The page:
It feels well-built overall, despite some wobble due to the thin profile and narrow stand. There’s a bit of a gap around the border. Our unit arrived with some slight damage, as the bottom-left part of the border pops out a bit in a way it shouldn't, making it feel less solidly put together. This is just a defect with our unit alone, though, so it doesn't affect scoring and shouldn't be present on other units. The stand feels somewhat cheap, but it has a plastic cover that slides in to cover the two feet.
The Samsung Q70 has a fantastic contrast ratio, but this can vary a little between units. It’s among the highest native contrast ratios we’ve tested on an LED TV, which is a good thing considering it doesn’t have a local dimming feature.
It gets very bright overall. It’s not as bright as the brightest LED TVs, like the Samsung QN90A QLED, but it’s better than average, so it’s able to overcome glare in most lighting conditions.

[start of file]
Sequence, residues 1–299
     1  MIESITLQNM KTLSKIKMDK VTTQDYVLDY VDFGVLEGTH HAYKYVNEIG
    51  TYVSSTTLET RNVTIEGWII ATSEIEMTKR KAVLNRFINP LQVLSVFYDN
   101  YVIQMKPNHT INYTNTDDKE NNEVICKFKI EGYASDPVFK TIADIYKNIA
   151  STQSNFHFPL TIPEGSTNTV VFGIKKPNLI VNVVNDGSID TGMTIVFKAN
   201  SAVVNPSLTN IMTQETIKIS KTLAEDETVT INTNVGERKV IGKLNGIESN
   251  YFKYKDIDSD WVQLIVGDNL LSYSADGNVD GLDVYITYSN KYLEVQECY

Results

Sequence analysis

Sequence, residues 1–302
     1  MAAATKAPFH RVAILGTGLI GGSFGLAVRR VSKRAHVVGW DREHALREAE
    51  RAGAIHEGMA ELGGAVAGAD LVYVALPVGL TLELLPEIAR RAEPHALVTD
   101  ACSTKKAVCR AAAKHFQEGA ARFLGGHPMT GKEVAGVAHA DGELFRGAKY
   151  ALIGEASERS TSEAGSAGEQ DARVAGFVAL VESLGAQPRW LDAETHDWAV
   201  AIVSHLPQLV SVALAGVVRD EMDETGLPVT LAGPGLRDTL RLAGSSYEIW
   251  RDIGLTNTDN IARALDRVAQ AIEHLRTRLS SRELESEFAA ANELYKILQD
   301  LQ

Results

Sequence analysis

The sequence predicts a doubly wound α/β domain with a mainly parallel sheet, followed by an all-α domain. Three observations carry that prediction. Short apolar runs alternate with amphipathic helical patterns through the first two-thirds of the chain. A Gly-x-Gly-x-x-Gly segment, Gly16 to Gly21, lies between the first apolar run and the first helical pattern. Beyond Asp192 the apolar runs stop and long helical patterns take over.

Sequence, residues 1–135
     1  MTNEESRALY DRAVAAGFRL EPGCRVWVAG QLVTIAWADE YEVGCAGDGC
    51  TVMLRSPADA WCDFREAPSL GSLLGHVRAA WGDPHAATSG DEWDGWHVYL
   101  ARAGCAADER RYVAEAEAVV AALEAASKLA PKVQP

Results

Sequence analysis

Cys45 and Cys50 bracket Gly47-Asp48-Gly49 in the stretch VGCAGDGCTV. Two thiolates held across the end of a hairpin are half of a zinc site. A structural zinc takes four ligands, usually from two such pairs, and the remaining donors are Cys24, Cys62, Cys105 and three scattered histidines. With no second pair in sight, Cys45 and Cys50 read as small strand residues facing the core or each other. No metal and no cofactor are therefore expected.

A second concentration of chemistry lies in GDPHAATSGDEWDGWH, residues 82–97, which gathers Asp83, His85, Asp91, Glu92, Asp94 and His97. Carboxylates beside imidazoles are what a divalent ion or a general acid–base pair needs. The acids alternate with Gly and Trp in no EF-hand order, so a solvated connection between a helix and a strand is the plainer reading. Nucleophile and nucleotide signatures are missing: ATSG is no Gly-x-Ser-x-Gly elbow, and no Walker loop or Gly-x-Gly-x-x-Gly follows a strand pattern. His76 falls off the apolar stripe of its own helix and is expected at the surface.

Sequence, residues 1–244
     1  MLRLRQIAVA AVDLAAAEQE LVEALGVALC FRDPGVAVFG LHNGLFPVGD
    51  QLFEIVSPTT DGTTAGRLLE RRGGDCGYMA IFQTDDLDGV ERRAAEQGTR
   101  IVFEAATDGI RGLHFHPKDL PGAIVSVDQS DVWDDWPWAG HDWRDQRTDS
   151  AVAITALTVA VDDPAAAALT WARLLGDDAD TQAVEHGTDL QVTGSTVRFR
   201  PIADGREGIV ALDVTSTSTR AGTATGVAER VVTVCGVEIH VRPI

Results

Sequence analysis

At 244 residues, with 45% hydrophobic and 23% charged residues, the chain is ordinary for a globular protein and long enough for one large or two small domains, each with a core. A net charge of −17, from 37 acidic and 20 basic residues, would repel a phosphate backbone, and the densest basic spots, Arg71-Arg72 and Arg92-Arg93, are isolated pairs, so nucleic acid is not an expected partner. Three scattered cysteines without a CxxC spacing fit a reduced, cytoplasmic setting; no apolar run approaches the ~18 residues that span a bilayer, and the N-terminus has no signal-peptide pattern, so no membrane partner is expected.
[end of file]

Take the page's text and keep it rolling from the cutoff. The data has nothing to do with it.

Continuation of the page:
We measured SDR brightness after calibration, using the ‘Movie’ Picture Mode, with Brightness set to max, and Color Tone set to ‘Warm2’.
To get an ever brighter image, you can try setting the Picture Mode to ‘Dynamic’, Contrast Enhancer to ‘High’, Color Tone to ‘Standard’ and have Brightness and Contrast at max. We hit 631 nits using those settings, although you may lose image accuracy.
This TV doesn't have local dimming. The video above is provided for reference only. If you want a similar TV with a full-array local dimming feature, check out the Sony X90J.
The video is provided for reference only.